There’s so many social networks. I won’t name them, you probably know more than me. I use Facebook, Twitter and Linkedin. From what I’ve seen, there seems to be way more social networks than we could possibly need.

Well, here’s an excerpt from a Bob Bly’s ezine I got today, specifically here’s the part that refers to Facebook:

Ad Age, a six-week study of Facebook’s Fan pages showed a mere 0.45% of fans engaged in any way beyond clicking “Like.” This indicates that Facebook fan bases and actual engagement aren’t the same thing.

The average engagement for the 10 brands with the largest fan bases (like Harley Davidson, Nike and Porsche) was 0.36%. The
highest engagement was in the alcohol category and the lowest in laundry detergent, social platforms and apps.

In other Facebook marketing news, my colleague Brian Croner reports that “world famous Sun Valley Ski Resort here in Idaho,
invested their entire $950,000 ad budget in Facebook advertising in 2011 and it bombed. It bombed so bad in fact, they fired
their marketing director. Last year they had more snow than they knew what to do with and still couldn’t pack the hotels after
using FB exclusively.

This article appears courtesy of Bob Bly Direct Response Letter. Visit Bob’s website at Check out his site for excellent marketing/ad copy writing tips and advice.

And here’s another article, from February this year, that suggests Facebook’s “like” might be losing out to LinkedIn’s “Inshare” button. Whatever that is: Are People Falling Out Of Love with “Like”?

Look across the Web and you see it. While content surfers “like” plenty of content, they’ve fallen hard for LinkedIn’s “inshare” tab. It’s long been true of business news, which users overwhelmingly share with their professional networks; but even at general interest sites such as Time and the Atlantic, the “inshare” is beginning to steal some of Facebook’s “like” button’s thunder.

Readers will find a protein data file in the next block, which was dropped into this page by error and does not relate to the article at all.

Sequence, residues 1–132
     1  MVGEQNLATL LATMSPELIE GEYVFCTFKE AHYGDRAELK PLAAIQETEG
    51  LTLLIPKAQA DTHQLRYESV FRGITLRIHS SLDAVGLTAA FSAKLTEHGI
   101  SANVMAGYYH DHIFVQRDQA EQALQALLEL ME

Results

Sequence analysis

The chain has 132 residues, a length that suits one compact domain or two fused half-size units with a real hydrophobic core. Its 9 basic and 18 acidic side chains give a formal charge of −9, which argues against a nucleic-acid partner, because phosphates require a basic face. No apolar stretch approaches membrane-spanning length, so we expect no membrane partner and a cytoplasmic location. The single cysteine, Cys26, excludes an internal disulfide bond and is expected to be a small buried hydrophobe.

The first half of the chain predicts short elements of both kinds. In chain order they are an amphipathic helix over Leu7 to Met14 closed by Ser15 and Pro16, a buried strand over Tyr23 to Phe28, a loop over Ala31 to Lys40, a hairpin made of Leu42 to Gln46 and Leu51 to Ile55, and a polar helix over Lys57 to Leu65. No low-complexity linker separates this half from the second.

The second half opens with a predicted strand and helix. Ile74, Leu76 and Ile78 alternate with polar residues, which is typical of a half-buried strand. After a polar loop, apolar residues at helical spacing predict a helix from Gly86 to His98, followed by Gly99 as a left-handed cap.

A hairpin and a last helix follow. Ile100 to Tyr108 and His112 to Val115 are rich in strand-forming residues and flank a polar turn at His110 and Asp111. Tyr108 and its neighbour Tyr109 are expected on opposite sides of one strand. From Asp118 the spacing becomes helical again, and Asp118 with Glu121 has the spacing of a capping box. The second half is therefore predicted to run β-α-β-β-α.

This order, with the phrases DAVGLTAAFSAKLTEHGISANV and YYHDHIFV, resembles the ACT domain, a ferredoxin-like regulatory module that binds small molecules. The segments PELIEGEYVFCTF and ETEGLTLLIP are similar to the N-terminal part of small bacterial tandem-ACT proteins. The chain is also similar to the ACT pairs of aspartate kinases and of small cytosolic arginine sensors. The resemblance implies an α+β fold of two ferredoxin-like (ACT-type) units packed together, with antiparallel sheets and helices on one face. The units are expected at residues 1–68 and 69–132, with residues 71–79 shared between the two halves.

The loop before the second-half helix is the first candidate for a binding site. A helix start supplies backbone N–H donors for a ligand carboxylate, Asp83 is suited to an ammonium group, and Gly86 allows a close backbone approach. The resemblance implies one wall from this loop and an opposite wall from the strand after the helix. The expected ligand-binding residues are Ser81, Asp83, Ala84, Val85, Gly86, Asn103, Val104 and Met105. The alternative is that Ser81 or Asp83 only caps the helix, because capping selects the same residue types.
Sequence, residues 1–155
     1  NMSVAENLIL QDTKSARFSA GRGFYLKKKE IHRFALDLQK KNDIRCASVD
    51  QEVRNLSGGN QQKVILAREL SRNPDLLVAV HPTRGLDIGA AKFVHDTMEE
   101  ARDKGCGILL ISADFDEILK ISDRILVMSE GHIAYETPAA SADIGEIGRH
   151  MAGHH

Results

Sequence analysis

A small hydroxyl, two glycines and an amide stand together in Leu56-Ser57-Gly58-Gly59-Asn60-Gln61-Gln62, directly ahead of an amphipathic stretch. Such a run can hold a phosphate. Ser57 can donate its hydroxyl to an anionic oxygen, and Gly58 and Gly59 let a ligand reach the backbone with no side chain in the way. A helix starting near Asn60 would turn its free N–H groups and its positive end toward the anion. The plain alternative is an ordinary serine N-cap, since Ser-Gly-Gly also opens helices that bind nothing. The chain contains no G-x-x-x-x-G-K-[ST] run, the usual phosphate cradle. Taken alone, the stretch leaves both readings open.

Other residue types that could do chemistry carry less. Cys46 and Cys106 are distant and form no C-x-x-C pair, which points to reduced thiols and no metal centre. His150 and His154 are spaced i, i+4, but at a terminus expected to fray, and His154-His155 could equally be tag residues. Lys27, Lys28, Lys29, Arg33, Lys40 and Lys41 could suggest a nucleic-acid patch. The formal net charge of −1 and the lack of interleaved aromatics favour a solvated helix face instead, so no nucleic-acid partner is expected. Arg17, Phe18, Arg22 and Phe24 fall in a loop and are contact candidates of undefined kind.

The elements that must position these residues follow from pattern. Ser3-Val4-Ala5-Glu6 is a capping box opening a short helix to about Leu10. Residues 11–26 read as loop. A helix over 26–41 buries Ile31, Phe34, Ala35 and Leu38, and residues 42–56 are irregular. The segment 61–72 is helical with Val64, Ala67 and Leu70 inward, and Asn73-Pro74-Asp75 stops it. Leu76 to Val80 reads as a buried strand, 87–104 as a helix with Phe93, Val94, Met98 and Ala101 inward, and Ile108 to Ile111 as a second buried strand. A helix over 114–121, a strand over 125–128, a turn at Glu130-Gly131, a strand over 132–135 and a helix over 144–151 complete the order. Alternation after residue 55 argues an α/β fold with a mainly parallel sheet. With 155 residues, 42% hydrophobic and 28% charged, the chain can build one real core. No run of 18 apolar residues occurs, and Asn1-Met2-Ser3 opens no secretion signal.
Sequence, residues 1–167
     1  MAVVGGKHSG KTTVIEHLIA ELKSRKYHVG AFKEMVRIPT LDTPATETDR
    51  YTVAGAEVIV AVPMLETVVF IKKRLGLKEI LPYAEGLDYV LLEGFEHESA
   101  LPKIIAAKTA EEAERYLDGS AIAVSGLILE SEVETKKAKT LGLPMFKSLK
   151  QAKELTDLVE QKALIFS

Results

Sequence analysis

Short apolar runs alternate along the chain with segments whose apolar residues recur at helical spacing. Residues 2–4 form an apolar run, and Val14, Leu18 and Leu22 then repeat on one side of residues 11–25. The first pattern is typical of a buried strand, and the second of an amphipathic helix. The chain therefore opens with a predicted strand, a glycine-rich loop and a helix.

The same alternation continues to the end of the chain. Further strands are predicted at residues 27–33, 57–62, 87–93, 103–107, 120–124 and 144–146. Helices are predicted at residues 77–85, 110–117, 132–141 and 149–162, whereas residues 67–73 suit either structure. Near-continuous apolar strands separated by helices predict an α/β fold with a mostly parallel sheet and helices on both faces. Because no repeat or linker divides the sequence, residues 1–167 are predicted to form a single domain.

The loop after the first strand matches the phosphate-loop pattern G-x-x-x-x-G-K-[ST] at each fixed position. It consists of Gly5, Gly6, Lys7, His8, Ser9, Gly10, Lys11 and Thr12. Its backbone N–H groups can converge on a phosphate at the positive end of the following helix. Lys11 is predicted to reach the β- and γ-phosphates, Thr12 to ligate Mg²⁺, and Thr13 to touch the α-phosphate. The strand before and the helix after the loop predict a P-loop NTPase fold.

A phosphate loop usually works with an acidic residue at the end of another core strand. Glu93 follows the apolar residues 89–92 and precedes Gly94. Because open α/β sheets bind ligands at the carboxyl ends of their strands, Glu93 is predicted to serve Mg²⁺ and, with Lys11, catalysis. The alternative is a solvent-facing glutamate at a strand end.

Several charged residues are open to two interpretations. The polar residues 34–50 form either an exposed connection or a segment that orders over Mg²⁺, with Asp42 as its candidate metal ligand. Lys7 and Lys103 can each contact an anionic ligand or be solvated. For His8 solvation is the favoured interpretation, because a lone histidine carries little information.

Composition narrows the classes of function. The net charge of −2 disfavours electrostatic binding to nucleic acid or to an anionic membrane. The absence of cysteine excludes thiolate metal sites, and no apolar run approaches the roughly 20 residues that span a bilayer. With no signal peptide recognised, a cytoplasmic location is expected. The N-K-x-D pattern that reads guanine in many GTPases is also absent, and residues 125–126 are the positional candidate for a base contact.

Andrew Lipsman, ComScore’s vice president of industry analytics, says he believes that the “trend you’re honing in on, and that I see, too, is a lot more ‘insharing’ going on now, which I think has to do with LinkedIn’s effort to turn its network into less of a utility and more of a content site.”

Hugo – the movie by Martin Scorsese

Yesterday, I saw Martin Scorsese‘s latest film, “Hugo” , the 2D version, not 3-D. Perhaps that was a mistake, but I’ve seen too many so-so 3D movies recently, and our daughter gets bored and takes off the glasses anyway about half-way through, so we went for the 2D version.

The movie was very enjoyable. It turned out to be a different movie from the one I was expecting. I thought it was going to be a fantasy, like Johnny Depp‘s Alice in Wonderland, or The Extraordinary Adventures of Adele Blanc-Sec.

But it isn’t. Though it includes some elements of magic realism, it is the rather Dickensian story of a young orphan, Hugo, and his relationship with a grumpy old man (Ben Kingsley) who runs a toy shop in the Gare Montparnasse. Who is this old man, who confiscates Hugo’s precious notebook and who is so angry and silent about his past?

The story has several whimsical moments, which seem to have little to do with the action of the story, but add greatly to its charm. Here’s one: Isabelle (played by Chloë Grace Moretz) recites the first few lines of the following poem in an attempt to prevent Hugo from being arrested by another whimsical character, the station Inspector, brilliantly played by Baron Sacha Cohen, whose surrealist dialogue and deadpan delivery (and slightly Cockney accent) reminded me of both Peter Sellars and Peter Cook.

MY heart is like a singing bird

Whose nest is in a water’d shoot;

My heart is like an apple-tree

Whose boughs are bent with thick-set fruit;

My heart is like a rainbow shell

That paddles in a halcyon sea;

My heart is gladder than all these,

Because my love is come to me.


Raise me a daïs of silk and down;

Hang it with vair and purple dyes;

Carve it in doves and pomegranates,

And peacocks with a hundred eyes;

Work it in gold and silver grapes,

In leaves and silver fleurs-de-lys;

Because the birthday of my life

Is come, my love is come to me.”


[A Birthday” is reprinted from Macmillan’s Magazine April 1861.]

via A Birthday, by Christina Rossetti.